At the time of Stewart's arrest, 18 U.S.C. § 924(c)(1) provided: “Whoever, during and in relation to any ․ drug trafficking crime ․ uses or carries a firearm, shall, in addition to the punishment provided for such crime ․, be sentenced to imprisonment for five years.” Several months after Stewart pleaded guilty, this Court issued its decision in United States v. Harris, 959 F.2d 246 (D.C.Cir.1992) (per curiam). The Harris defendants had been convicted of violating § 924(c)(1) by receiving guns in exchange for drugs. The defendants appealed their convictions, arguing that the guns were not used “in relation to” a drug crime because they were used as “a medium of exchange in a trade for drugs and not as offensive or defensive weapons.” Id. at 261. We rejected this argument and held that § 924(c) “requires no more than that the guns facilitate the predicate offense in some way.” Id. Specifically, we explained that “this requirement is met ‘[i]f the firearm is within the possession or control of a person who commits an underlying crime ․, and the circumstances of the case show that the firearm facilitated or had a role in the crime.’ ” Id. (quoting United States v. (Richard) Stewart, 779 F.2d 538, 540 (9th Cir.1985)). We concluded that “once the [firearm] passed into appellants' hands the facilitative nexus was satisfied.” Id.
The following year, in Smith v. United States, 508 U.S. 223, 113 S.Ct. 2050, 124 L.Ed.2d 138 (1993), the Supreme Court upheld the conviction of a defendant who had traded a gun for drugs. Id. at 225, 113 S.Ct. 2050. The Smith Court held that “one who transports, exports, sells, or trades a firearm ‘uses' it” in violation of § 924(c)(1). Id. at 234-35, 113 S.Ct. 2050. In arriving at this holding, the Court described a number of different “everyday meaning[s]” for “use,” including: “to employ,” “to avail oneself of,” and “to derive service from.” Id. at 228-29, 113 S.Ct. 2050 (internal quotes omitted). In light of these definitions, the Court explained that the Smith defendant had used a gun as “an item of barter ․ to bring him the very drugs he sought.” Id. at 229, 113 S.Ct. 2050. Echoing our decision in Harris, the Court noted that “the gun at least must ‘facilitat [e], or ha [ve] the potential of facilitating,’ the drug trafficking offense.” Id. at 238, 113 S.Ct. 2050 (quoting (Richard) Stewart, 779 F.2d at 540).
Two years later, the Supreme Court issued its Bailey decision, which “clarif[ied] the meaning of ‘use’ under § 924(c)(1).” 516 U.S. at 142, 116 S.Ct. 501. In Bailey, the Court held that “§ 924(c)(1) requires evidence sufficient to show an active employment of the firearm by the defendant, a use that makes the firearm an operative factor in relation to the predicate offense.” Id. at 143, 116 S.Ct. 501. In its discussion, the Court again emphasized that “use” should be “given its ‘ordinary and natural’ meaning.” Id. at 145, 116 S.Ct. 501 (quoting Smith, 508 U.S. at 228, 113 S.Ct. 2050). Distinguishing between the terms “use” and “carry” in § 924(c)(1), the Court explained that “a firearm can be used without being carried, e.g., when an offender ․ barters with a firearm without handling it.” Id. at 146, 116 S.Ct. 501. The Court underscored that its decision “is not inconsistent with Smith,” explicitly recognizing that the “active-employment understanding of ‘use’ certainly includes ․ bartering.” Id. at 148, 116 S.Ct. 501.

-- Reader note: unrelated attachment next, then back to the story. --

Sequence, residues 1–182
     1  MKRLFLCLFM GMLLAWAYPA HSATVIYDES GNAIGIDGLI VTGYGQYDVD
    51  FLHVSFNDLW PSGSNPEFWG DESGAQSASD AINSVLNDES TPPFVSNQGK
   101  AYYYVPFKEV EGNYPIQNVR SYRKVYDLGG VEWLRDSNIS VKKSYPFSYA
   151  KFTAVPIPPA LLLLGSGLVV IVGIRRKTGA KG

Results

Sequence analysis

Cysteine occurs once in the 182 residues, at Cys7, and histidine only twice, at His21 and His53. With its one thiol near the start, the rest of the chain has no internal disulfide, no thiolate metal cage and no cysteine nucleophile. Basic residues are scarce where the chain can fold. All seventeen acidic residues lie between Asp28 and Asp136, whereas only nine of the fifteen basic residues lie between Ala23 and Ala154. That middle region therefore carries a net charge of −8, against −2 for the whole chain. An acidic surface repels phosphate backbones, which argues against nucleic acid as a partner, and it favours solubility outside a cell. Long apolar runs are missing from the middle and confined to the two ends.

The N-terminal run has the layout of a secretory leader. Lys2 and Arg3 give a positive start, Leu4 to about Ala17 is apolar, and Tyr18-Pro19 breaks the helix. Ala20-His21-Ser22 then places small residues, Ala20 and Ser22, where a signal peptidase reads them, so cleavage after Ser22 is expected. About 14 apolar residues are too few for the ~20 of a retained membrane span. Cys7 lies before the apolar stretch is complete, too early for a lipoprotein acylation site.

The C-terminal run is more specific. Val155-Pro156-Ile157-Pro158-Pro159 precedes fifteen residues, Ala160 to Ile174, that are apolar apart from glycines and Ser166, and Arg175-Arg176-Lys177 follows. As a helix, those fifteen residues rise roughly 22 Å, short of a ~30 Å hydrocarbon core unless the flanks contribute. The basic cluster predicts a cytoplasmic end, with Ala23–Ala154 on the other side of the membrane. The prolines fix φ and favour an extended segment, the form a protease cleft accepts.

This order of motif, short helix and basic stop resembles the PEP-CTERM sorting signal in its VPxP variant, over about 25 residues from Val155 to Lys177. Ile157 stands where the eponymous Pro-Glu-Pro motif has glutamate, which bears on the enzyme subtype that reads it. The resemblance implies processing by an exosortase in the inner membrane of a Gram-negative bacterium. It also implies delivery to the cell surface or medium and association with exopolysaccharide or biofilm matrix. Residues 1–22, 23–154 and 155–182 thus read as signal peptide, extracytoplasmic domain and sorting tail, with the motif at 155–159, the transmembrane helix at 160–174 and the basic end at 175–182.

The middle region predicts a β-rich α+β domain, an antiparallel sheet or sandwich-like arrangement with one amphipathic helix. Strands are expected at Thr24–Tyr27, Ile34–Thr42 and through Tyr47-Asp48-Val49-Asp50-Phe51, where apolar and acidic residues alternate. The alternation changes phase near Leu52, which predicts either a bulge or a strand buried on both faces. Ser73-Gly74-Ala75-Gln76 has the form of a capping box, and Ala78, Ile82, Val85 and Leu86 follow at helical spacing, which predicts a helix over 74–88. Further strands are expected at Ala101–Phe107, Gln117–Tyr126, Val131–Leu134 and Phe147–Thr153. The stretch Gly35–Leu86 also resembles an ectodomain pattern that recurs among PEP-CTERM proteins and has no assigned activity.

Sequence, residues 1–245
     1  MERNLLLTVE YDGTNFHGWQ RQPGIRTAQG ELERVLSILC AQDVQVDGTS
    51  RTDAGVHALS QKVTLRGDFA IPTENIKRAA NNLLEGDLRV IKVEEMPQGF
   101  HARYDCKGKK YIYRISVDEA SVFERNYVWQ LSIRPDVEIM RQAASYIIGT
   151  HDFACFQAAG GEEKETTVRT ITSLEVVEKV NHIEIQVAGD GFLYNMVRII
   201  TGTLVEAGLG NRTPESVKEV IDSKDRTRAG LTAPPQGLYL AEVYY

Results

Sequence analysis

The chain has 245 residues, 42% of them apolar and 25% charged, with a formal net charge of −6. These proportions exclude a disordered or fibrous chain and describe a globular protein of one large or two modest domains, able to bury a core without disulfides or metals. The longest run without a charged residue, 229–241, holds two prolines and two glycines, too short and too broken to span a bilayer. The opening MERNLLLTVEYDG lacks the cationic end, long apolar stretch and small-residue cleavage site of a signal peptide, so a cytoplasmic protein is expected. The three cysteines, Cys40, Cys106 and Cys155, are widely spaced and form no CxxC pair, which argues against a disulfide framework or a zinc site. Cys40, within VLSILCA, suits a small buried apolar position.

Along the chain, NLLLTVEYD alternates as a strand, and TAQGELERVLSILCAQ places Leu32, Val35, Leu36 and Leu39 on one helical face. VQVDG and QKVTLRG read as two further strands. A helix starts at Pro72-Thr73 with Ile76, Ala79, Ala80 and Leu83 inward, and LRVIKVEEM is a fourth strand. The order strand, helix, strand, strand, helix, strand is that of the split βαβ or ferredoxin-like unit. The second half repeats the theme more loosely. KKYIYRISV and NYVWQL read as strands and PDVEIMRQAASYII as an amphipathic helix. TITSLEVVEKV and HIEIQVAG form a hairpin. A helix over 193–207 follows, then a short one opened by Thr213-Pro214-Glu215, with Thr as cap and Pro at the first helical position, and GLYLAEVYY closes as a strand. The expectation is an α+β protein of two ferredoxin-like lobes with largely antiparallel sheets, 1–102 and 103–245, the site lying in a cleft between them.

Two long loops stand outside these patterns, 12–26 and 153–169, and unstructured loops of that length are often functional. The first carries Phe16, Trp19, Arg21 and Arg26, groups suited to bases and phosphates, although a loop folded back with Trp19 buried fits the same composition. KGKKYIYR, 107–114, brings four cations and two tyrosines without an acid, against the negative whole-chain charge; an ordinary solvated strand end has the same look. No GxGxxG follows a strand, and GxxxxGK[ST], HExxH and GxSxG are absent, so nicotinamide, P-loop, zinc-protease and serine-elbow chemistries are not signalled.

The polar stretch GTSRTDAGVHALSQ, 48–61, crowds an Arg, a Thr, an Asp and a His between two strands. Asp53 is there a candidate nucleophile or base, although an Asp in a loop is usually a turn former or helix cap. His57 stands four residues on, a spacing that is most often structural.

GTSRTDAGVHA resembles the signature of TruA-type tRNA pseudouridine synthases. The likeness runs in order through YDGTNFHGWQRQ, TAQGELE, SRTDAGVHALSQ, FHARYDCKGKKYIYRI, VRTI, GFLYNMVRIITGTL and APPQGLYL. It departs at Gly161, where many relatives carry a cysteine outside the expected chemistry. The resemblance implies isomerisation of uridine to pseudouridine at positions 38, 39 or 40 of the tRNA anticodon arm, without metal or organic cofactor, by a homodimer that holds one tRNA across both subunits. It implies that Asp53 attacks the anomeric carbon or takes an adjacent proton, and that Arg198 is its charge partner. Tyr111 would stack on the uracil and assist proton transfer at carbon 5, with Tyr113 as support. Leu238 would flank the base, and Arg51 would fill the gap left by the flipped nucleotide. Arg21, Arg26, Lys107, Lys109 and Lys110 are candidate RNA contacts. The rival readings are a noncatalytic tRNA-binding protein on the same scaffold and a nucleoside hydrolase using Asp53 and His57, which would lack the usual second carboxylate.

In Bailey's wake, five of our sister circuits have considered whether a person who receives a gun in exchange for drugs “uses” the gun within the meaning of § 924(c). Three of those circuits have held that a receiving defendant uses the gun, see United States v. Ramirez-Rangel, 103 F.3d 1501, 1506 (9th Cir.1997); United States v. Ulloa, 94 F.3d 949, 956 (5th Cir.1996); United States v. Cannon, 88 F.3d 1495, 1509 (8th Cir.1996), while two have held that he does not, see United States v. Warwick, 167 F.3d 965, 975-76 (6th Cir.1999); United States v. Westmoreland, 122 F.3d 431, 435 (7th Cir.1997).
Consistent with the “ordinary meaning” approach employed by the Supreme Court in Smith and Bailey, we cannot see how a defendant “uses” a gun when he receives it during a drug transaction. The recipient has not employed the gun, availed himself of the gun, or derived any service from the gun by simply trading his drugs for it. Cf. Smith, 508 U.S. at 229, 113 S.Ct. 2050. Indeed, nothing in a person's acceptance of a gun embodies the active employment demanded by the Court in Bailey. See 516 U.S. at 142, 116 S.Ct. 501. We therefore agree with the Sixth and Seventh Circuits that a person who receives a gun in a trade for drugs has not used the gun in violation of § 924(c).